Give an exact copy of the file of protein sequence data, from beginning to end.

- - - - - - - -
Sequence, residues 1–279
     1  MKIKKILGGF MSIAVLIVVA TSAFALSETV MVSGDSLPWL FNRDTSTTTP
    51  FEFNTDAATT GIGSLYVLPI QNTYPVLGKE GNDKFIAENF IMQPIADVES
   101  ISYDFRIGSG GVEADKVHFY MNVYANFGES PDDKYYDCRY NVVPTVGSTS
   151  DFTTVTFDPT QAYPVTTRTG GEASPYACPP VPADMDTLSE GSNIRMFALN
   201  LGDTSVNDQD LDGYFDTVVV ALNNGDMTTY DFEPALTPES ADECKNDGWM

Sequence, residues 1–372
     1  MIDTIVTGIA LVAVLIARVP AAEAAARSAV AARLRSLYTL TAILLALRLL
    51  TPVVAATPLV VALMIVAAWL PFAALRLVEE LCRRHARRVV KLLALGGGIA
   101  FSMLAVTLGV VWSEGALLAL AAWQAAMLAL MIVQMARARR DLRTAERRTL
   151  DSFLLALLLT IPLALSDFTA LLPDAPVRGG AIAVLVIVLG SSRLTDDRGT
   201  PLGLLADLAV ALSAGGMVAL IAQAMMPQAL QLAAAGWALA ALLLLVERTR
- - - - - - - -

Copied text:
Sequence, residues 1–279
     1  MKIKKILGGF MSIAVLIVVA TSAFALSETV MVSGDSLPWL FNRDTSTTTP
    51  FEFNTDAATT GIGSLYVLPI QNTYPVLGKE GNDKFIAENF IMQPIADVES
   101  ISYDFRIGSG GVEADKVHFY MNVYANFGES PDDKYYDCRY NVVPTVGSTS
   151  DFTTVTFDPT QAYPVTTRTG GEASPYACPP VPADMDTLSE GSNIRMFALN
   201  LGDTSVNDQD LDGYFDTVVV ALNNGDMTTY DFEPALTPES ADECKNDGWM

Sequence, residues 1–372
     1  MIDTIVTGIA LVAVLIARVP AAEAAARSAV AARLRSLYTL TAILLALRLL
    51  TPVVAATPLV VALMIVAAWL PFAALRLVEE LCRRHARRVV KLLALGGGIA
   101  FSMLAVTLGV VWSEGALLAL AAWQAAMLAL MIVQMARARR DLRTAERRTL
   151  DSFLLALLLT IPLALSDFTA LLPDAPVRGG AIAVLVIVLG SSRLTDDRGT
   201  PLGLLADLAV ALSAGGMVAL IAQAMMPQAL QLAAAGWALA ALLLLVERTR